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I am getting towards the end of my latest project. A mobile rustic kitchen pine island. Casters not on yet. BUT I want it to looked Rustic and worn and maybe weathered.

Furniture Wood Natural material Rectangle Plant


But after screwing it all together I cant make myself submit it to the (FLOGGING) beating it with CHAIN and hammer and eye gouger poker stick thingy to get that worn look. and it hasn't even peed or pooped on the floor like so many dogs and cats want to do. I cant seem to make myself PUNISH it for not doing anything bad

Also I can't seem to make a discussion on the finish. I watched a guy on YOUTUBE speaking very profoundly about finishing furniture and I quote…

"Finishing brings a piece of work to life, It can bring a lousy piece of work to life and look amazing, or kill a brilliant piece of woodwork…" Unquote

Words to heed.

I don't like dark wood such as walnut or dark stained wood. I am thinking of beating the hell out of it, maybe chain it to the back of my truck and then drive into town for a milkshake with it in tow.

Then a very light stain then then simply wax the piece and even mate put on some dark wax. I read some very good reviews on Fiddes & Sons Supreme Wax Polish and got some FINISHING wax from minwax, to kick their tires

The top I will just use butcher block oil as I plan to cut right on top of it.

Any opinions from more experienced wood workers is not only wanted but they are very much appreciated !
 

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My wife and I have bathroom cabinets that are only slightly distressed. We didn't go as far as flogging with chains, but we do have some hammerhead marks, some awl pokes, some screw thread impressions and some impressed springs to mock worm hole tracks. The impressions were stained dark then sanded and finished. Looks pretty nice. I'm not sure I'd drag that pretty piece behind my truck either. Nice job on the island.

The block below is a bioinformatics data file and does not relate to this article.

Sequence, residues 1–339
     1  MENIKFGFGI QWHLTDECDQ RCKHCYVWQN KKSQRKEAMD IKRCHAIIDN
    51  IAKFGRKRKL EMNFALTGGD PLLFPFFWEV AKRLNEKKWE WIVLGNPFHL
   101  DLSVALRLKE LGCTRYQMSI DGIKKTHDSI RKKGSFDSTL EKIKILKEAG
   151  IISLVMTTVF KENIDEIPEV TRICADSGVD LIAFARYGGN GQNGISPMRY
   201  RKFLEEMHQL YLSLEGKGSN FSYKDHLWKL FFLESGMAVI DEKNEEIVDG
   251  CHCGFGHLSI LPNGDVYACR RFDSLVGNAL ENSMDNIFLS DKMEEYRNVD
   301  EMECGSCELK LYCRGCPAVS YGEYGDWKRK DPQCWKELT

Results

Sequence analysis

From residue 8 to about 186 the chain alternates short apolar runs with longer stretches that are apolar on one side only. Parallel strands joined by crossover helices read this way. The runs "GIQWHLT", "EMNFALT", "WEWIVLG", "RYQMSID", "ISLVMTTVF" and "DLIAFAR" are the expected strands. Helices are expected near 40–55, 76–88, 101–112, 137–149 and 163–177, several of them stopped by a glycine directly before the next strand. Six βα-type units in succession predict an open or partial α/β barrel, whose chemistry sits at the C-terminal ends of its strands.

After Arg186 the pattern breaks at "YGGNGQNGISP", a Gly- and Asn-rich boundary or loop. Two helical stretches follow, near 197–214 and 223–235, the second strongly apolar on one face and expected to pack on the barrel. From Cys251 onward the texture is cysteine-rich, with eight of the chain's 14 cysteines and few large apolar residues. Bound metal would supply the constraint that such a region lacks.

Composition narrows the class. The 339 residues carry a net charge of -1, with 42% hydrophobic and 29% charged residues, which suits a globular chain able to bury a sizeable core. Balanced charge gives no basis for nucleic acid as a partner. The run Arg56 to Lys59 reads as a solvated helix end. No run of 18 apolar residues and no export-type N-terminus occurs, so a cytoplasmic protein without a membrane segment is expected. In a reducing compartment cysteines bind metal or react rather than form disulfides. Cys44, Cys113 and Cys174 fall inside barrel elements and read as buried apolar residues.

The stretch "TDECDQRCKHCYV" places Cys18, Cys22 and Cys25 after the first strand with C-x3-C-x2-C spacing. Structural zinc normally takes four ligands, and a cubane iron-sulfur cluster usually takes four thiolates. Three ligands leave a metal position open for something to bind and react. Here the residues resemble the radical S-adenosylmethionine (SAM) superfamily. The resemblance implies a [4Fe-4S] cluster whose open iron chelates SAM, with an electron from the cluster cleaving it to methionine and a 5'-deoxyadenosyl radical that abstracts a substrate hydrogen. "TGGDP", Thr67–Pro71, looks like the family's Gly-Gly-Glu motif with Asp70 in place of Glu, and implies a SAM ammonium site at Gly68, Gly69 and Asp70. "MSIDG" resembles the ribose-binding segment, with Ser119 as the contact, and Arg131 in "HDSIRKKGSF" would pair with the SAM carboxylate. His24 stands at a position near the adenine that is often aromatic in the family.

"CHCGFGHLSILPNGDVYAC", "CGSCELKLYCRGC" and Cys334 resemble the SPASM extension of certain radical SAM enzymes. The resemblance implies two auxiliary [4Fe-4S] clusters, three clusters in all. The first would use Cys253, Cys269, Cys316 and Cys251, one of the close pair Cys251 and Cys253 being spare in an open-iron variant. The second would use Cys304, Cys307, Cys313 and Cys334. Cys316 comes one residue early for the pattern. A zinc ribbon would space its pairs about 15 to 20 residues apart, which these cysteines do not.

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But after screwing it all together I cant make myself submit it to the (FLOGGING) beating it with CHAIN and hammer and eye gouger poker stick thingy to get that worn look. and it hasn t even peed or pooped on the floor like so many dogs and cats want to do. I cant seem to make myself PUNISH it for not doing anything bad

I am thinking of beating the hell out of it, maybe chain it to the back of my truck and then drive into town for a milkshake with it in tow.

Then a very light stain then then simply wax the piece and even mate put on some dark wax.

- Garbanzolasvegas
It sounds like the product you're looking for is Minwax's new "Fifty Shades of Grey"!
 

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Garbanzolasvegas

That is one sharp build congrats. I'd let it distress natural like, a yr down the road all the hacks, slashes, bangs and drops will make it looked old enough. I don't buy prewashed/stone washed/distressed dungarees either. I've bought a few used tools and used trucks but that's it. It's the journey that counts.
 

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years ago I worked with my dad in his shop. I spent the better part of three days getting an 11 foot diameter fir round table ready for finish. It was leaved to go together in sections. It was a part of a display for a "knights of the round table" feel. several weeks later my dad went to bid on another project for the same fellow. He said he was glad I didn't go along. They had used all sorts of barbaric tools on it to distress it. there was a knife and a broad axe still left sticking in the top. and chunks of it were hewn out!

Your project looks wonderful the way it is! makes you really wonder if the customer really is always right.lol
 

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I wouldn't do too much to it, either. A few weeks ago I made a truss table and liked it so much I didn't want to beat it up. It was also the first time I'd tried out Gel stains, and I found that it beautifully showed off small imperfections without giving it a blotchy look. I then finished it off with 2 or 4 coats of semi-gloss polycrilic (although in hindsight I should have used polyurethane) and there you go.

It gave it a rustic look without the over-done "I'M TRYING TO MAKE CONSTRUCTION LUMBER LOOK LIKE AN ANTIQUE LOL" feel.

Brown Table Rectangle Wood Flooring
 

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any distressing you do should be from how it's used,most people just beat the [email protected] out of it but why?real looking distress means edges worn in places,top and or bottoms of drawer faces worn missing paint etc from normal use, worn spots on the top from use.I.E think about how it would be used then accurate the wear.If it suppose to look like it was made from old barn board then beat the hell out of it,but if it's to look like it was/is fine furniture that has been around for ever then look at the furniture you have and the wear,that is from day to day living and how it should look.